Ian started to hang out with a Brighton Brummie called Gary Gilmore who used to own the shop Jell-o, which still resides in the same place on Gardiner Street. Ian describes Gary as a Charles Bukowski type character, who lived enough for 3 people, ‘There’s a lot of old heads in Brighton that will remember that boy.’ Crucially Gary had a stylish eye in fact he had at least two. ‘He was the first person to buy Maharishi back in the early 90s way before Hardy became the millionaire that he is now. The first person I saw rocking original Japanese Evisu raw denims.’
This was the key to the exciting as lightening is, future that Ian has carved out today, in other words his calling came. They talked about going into partnership before Gary asked Ian to buy him out, but he wasn’t the most reliable type to put it politely, and he ended up selling it to someone else. This would prove to be one of those nice dressed up blessings. Ian had learnt a great deal just by watching what went on in the shop and had taken up buying duties a few times when Gary wasn’t around. He came to the realization that he could try his own hand and got himself a little shop on a little lease in Sidney Street, ‘My first shop fit, god dam it from literally getting the keys and opening the door to this shit hole of a place to turning it into a shop; hangers, till, fittings, paint on the walls everything, I spent about 480 quid, begged and borrowed for some stock and that was it we were off.’
The shop was originally called Minky and the mainline was women’s wear. Ian was in Sydney Street for nearly 7 years, gradually he got better at what he did and the labels got better. His business partner went her own way when he moved to Ship Street in 07 and menswear was obviously more Ian’s thing so that is the direction it was always going to lead.
A SHIP SHAPE SHOP FLYING THE FLAG FOR QUALITY
Now Ian has moved over the Road he has considerably upped the stakes. Nothing less than the top notch of a master carpenter outfitted the new shop and with two baby boys on the scene the beautiful Peggs and Son is well and truly born. He has taken on board what shops like Oi Polloi have done online and they are now on a national stage. The difference between Peggs and new stores that open up on the block and sell the same 5 or so brands, is the handpicked feel of the carefully considered collections that Ian stocks, first and foremost it’s for his love of the product as it always has been. He has stocked the British brands 6876 and YMC since dot.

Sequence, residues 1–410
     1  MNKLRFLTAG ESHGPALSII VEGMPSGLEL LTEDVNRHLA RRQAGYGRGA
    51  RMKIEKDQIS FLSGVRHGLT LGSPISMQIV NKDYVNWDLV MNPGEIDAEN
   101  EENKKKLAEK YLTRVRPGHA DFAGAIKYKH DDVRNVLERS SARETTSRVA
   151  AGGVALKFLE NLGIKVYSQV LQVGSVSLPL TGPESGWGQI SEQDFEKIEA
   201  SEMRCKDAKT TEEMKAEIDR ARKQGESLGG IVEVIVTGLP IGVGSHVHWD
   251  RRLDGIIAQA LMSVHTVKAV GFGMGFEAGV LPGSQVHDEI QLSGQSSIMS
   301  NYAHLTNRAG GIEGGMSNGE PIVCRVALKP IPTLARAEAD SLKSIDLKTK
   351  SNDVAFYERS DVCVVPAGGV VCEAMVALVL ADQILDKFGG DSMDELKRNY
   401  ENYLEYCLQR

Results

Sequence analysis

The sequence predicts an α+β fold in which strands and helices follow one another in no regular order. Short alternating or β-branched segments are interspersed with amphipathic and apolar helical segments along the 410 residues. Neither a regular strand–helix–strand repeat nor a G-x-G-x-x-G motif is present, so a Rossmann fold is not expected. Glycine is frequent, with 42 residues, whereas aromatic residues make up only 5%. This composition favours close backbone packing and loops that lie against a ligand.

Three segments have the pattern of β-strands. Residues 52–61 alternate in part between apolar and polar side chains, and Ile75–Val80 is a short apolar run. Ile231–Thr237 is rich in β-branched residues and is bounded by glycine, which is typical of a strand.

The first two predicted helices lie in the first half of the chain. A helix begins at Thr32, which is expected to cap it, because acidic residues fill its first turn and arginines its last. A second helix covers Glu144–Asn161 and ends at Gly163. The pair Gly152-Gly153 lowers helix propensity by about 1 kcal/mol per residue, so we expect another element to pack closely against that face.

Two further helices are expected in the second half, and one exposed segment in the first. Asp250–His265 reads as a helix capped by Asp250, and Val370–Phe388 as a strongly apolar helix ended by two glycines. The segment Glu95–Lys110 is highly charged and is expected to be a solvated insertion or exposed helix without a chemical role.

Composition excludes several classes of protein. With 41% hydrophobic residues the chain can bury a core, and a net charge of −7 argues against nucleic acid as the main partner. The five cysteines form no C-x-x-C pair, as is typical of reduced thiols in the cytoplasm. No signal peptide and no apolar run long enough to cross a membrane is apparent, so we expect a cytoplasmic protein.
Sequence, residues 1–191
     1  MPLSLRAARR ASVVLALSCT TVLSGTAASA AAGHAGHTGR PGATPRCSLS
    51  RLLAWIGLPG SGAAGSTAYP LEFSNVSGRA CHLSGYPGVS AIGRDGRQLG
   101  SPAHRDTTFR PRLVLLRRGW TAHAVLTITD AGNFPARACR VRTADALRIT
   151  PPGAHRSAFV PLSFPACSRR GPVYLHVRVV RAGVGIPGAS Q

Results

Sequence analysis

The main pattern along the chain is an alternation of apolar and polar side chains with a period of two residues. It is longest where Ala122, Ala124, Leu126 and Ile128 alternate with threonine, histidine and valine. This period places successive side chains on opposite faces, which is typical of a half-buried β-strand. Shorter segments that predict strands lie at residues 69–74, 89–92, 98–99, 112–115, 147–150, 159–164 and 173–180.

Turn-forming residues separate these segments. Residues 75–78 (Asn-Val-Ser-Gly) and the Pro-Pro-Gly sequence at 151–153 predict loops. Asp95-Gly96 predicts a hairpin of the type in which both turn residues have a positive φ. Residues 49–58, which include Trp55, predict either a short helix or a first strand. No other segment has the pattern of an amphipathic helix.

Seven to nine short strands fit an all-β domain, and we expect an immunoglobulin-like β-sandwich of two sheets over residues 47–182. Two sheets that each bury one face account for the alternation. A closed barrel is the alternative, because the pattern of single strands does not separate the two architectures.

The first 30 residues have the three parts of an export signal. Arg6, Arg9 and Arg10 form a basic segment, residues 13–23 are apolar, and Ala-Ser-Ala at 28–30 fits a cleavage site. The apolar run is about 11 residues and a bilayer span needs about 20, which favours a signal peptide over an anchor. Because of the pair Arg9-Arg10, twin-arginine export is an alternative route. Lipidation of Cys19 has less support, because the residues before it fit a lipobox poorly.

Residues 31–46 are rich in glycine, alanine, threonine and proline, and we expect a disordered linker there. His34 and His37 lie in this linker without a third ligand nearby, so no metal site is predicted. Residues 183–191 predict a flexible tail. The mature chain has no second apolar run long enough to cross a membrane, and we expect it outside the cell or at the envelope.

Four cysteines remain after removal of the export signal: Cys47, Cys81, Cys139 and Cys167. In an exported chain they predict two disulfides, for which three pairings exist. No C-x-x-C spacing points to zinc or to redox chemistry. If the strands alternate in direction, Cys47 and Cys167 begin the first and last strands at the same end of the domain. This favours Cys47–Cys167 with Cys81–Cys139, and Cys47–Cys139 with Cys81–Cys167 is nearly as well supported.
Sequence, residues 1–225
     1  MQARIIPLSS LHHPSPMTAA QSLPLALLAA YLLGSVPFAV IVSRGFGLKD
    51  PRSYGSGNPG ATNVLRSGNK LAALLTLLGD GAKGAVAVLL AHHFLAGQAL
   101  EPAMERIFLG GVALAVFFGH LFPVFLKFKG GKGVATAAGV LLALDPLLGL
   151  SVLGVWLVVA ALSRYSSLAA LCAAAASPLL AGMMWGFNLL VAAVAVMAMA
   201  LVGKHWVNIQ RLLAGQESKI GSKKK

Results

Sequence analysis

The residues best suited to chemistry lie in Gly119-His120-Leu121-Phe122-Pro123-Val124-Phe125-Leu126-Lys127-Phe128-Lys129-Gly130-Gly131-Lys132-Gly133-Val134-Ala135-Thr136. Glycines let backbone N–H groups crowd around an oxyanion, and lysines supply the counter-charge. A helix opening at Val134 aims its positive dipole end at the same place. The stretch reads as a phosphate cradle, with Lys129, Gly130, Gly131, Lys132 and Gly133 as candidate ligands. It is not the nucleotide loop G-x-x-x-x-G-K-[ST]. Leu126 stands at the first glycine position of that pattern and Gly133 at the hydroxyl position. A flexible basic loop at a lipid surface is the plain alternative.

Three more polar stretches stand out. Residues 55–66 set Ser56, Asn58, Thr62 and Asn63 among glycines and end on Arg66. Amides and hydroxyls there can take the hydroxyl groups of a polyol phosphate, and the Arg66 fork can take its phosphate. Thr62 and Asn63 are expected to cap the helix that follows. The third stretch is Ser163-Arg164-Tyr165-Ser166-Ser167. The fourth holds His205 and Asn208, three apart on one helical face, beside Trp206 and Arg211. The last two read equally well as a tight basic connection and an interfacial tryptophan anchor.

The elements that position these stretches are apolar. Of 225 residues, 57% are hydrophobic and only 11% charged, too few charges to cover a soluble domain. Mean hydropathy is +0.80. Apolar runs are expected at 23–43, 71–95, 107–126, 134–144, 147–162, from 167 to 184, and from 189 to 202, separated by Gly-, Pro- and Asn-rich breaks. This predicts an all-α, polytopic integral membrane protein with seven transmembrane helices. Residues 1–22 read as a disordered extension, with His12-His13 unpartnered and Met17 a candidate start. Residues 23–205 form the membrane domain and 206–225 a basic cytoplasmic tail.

‘He’s a genius. I’m probably not clever enough to work out what makes it so good but just all my instincts scream at me. And he’s and interesting cat, he’ll talk your ear off for hours if you let him, funnily enough he’s just been made creative director of Fred Perry which I think is majorly interesting, because it’s a brand that I’ve always been quite ambivalent about. We’ve done some of their blank canvas stuff when they collaborated with Comme and that was nice enough but I’ve booked in to go and see him just because if he’s [Kenneth Mackenzie] doing it I'm going to have a look.’
Both Peggs and the stock in store emphatically succeed in borrowing from the past whilst pushing things forward with a renewed vigor. The wooden bushel boxes once full of clinking bottles or apples from the fallen orchard spill some of the finest leather soles and denim legs you will forever find this side of menswear heaven. The custom made oak tables, antique carts and cubbyholes reflect the tradition and craftsmanship of the labels that align the rails. ‘I like stuff where you can really just quite obviously see the quality. Which I guess is why the Cabourn stuff is so good, I mean you look at one of the parkas or the Camerman’s they’re a lot of dough but they’re fucking ace.’
Ian is passionate about what he does and it shows. It’s not about the fashion race it’s about an appreciation that he has had for style since he was a boy. From the Fila bj’s and Diadora Borg’s of the early casual scene to the long hair and sequined flares worn and torn during the outbreak of acid house. By the time he met Gary Gilmore there was only one thing that he was going to do. Between Ian’s comments about Kenneth Mackenzie there is at least 3 things that are also true about him, one thing’s for sure Brighton has got a quality store right on its step and if he’s selling it I’m going to have look.